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How do factory farms harm our rivers? Your questions answered

Welcome to Sustain's campaign to Save our Rivers. We hope this Q&A helps you understand our mission a bit better. To hear more and stay up to date with this and our other work, join our mailing list.

Meandering river making its way through rural farmland. Copyright: Nuttawut Uttamaharad | shutterstock

Meandering river making its way through rural farmland. Copyright: Nuttawut Uttamaharad | shutterstock

Q. What are we aiming to do? 

We need good planning policy for food and farming now. Industrial livestock ‘megafarms’ are on the rise in the UK. They are polluting our rivers and air, accelerating climate change, contributing to overseas deforestation to produce feed, causing nuisance and harming other rural businesses. Despite this, many councils don't currently have the tools in place to stop factory farms applications in their tracks.

At Sustain, the alliance for better food and farming, we are helping councils to use their planning powers to stop the spread of factory farms in their area. By joining the campaign, we will support councils to adopt planning policies that ensure applications for livestock megafarms are properly scrutinised and their impacts fully disclosed.

We think planning policy is one of the best levers to halt the spread of factory farming. By engaging with your council, you have the power to help drive this change. 


Q. I thought sewage and water companies were to blame for polluting our rivers? 

Our rivers are polluted for a range of reasons, including chemicals, plastics and bacteria, and the most influential factor will vary geographically. However, across England ‘Agriculture and rural land management’ is the most common reason for water bodies not reaching ‘Good Ecological Status’.  

In fact, phosphate – which is present in animal manure and fertilisers - accounts for more water bodies failing to achieve good ecological status than any other water quality pressure. The increased level of phosphate pollution in our water has clear ties to industrialised forms of animal agriculture.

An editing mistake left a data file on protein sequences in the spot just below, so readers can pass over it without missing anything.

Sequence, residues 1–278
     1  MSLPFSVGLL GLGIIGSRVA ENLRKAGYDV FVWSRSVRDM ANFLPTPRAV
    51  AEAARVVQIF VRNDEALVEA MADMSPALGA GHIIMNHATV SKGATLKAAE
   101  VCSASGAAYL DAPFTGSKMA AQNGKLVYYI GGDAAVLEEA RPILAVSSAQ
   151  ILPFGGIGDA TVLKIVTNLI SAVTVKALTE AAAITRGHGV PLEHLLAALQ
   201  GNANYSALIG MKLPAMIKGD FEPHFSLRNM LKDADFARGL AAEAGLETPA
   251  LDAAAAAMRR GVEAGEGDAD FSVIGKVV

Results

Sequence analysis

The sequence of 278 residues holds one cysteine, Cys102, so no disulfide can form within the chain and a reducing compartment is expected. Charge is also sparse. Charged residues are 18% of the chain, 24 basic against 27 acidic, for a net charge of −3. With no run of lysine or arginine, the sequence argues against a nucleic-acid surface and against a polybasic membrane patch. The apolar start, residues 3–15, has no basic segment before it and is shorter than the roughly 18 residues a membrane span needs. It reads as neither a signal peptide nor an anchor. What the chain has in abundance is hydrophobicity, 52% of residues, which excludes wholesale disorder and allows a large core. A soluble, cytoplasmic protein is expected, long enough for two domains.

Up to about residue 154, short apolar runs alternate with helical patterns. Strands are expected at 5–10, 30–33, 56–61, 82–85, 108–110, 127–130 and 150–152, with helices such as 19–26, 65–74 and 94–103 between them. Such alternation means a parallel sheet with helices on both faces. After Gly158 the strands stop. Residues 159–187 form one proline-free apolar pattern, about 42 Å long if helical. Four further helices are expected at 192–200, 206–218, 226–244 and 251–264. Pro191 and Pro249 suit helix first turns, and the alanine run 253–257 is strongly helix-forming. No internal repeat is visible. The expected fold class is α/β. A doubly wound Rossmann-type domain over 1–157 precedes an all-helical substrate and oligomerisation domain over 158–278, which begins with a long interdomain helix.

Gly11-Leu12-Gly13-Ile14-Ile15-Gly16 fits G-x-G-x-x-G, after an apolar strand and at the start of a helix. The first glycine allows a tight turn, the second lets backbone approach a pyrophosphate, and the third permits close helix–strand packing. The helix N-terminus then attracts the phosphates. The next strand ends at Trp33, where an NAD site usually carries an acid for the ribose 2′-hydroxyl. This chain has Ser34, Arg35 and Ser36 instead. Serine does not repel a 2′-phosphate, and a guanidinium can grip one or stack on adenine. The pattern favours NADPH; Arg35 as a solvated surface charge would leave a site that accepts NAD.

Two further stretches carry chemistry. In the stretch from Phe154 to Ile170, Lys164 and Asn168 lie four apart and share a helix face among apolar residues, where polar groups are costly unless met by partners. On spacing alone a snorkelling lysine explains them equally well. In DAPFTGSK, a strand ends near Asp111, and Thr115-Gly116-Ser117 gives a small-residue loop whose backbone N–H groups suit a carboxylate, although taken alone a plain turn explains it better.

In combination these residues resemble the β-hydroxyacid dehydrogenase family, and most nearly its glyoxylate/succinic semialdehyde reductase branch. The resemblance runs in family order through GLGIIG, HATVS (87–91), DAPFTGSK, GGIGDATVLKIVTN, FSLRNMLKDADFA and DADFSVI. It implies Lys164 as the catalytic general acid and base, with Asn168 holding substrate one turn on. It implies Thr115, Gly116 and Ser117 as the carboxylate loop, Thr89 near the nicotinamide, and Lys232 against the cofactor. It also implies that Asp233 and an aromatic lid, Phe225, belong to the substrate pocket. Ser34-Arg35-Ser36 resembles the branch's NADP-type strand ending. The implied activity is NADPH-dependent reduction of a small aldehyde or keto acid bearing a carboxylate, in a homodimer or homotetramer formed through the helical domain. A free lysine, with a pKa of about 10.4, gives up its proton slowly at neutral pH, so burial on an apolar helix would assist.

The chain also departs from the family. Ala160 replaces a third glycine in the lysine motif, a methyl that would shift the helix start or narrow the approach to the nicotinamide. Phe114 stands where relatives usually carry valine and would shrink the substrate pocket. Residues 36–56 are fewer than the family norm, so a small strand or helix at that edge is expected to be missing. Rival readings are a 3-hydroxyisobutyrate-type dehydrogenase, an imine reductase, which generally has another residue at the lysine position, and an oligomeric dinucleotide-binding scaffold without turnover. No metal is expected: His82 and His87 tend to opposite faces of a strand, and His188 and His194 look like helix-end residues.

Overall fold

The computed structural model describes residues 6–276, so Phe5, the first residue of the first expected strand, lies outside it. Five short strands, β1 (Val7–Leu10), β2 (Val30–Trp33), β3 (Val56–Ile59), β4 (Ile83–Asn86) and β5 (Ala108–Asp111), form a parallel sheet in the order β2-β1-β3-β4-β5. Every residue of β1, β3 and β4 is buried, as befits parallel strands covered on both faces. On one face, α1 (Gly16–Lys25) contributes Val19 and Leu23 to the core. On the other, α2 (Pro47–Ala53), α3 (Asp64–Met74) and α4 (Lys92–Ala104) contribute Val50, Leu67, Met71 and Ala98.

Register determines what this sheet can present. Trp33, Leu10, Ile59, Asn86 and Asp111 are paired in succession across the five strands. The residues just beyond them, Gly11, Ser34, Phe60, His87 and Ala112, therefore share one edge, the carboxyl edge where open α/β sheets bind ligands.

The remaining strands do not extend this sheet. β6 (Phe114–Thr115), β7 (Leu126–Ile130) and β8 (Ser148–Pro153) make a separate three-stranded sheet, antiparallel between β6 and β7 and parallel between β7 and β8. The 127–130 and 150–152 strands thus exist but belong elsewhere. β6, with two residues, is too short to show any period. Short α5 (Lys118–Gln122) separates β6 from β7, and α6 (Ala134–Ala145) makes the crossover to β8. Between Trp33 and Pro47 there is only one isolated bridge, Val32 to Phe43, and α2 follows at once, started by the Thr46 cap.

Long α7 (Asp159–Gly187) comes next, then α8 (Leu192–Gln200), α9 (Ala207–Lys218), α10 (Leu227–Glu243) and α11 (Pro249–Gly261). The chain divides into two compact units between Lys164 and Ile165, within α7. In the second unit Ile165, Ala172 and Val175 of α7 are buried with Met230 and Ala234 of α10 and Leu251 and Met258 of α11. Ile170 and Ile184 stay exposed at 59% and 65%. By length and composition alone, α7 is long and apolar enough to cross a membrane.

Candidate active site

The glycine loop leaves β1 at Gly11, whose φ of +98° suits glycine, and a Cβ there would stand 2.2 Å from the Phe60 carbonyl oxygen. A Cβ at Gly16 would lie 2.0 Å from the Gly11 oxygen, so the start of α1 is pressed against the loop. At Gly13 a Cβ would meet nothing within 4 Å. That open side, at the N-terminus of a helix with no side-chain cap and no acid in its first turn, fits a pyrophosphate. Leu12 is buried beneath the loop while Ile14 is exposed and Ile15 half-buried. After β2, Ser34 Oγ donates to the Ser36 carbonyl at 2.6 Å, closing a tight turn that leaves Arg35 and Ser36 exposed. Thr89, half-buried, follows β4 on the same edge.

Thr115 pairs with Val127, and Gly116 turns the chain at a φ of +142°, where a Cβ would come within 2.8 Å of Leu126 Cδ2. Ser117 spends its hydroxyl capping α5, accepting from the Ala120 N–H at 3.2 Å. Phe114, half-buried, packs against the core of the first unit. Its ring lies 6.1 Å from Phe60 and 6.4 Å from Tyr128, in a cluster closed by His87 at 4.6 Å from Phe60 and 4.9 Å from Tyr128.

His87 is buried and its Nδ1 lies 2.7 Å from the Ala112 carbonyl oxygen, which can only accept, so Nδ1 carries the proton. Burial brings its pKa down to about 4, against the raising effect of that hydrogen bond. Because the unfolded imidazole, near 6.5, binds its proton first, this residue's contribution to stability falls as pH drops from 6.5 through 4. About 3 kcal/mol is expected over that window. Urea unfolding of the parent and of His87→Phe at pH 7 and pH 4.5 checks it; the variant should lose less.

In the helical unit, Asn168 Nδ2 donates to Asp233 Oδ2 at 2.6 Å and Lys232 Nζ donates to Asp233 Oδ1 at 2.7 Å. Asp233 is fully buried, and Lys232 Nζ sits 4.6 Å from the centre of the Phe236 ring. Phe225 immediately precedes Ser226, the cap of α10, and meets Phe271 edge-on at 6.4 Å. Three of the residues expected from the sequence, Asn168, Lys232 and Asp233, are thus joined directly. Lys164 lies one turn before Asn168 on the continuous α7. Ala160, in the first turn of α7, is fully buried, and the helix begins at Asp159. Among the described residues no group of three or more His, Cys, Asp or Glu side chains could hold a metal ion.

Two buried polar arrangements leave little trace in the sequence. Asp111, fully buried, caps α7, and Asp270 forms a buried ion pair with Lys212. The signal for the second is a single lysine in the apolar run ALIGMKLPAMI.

For example, chicken manure has particularly high concentrations of phosphates. When we look at the River Wye – along which up to 20 million chickens are fattened in intensive units at any one time – phosphate pollution is a major cause of its ecological decline. Environment Agency modelling gives the following sources of phosphate load:  

• Upper Wye sub-catchment: 66% agriculture, 25% sewage, 9% other;  

• River Lugg sub-catchment: 66% agriculture, 25% sewage, 9% other; and  

• Lower Wye sub-catchment: 61% agriculture, 33% sewage, 6% other. 


Q. How do factory farms pollute our rivers? 

Industrialised livestock farming is on the rise in the UK. We now have well over 1000 US-style chicken, pig and dairy ‘megafarms’, each housing tens of thousands of animals in confinement at any time.  

These units produce an overwhelming amount of waste – more than 50,000 tonnes per day (or over 100 double-decker busloads every single hour!). This contains harmful pollutants such as nitrates, phosphates, and antibiotic-resistant bacteria. The most common method of slurry disposal is spreading (normally untreated) on nearby fields. Unfortunately, our soils are so saturated with nitrates and phosphates that pollutants run off fields into rivers after spreading. As there is little on-site monitoring of farms, slurry also leaks directly into rivers from units or faulty slurry storage.   

Where on-site monitoring of animal farms by Environment Agency officers has occurred, numerous violations of slurry storage regulations have been uncovered. For example, in Devon, 90% of farms visited by an Environment Agency officer were violating slurry storage regulations. Of these violations, 2/3s created river pollution. Violations occurred at farms that were certified Red Tractor farms and, as such, should have been adhering to higher production standards. 


Q. Why is animal waste so bad for rivers? 

Nutrient pollution is a major problem. Nitrates and phosphates cause algal blooms that suck up the oxygen in the water and block sunlight from reaching the riverbed, killing fish, insects and other wildlife. Pollution is not only having a big impact on wildlife, but on rural economies.  Only one inland waterway in the UK is designated safe to swim and dirty rivers are affecting local tourism and housebuilding. In fact, nutrient pollution has become so acute in 42 areas of the UK that councils are unable to approve housing developments that may produce additional pollution.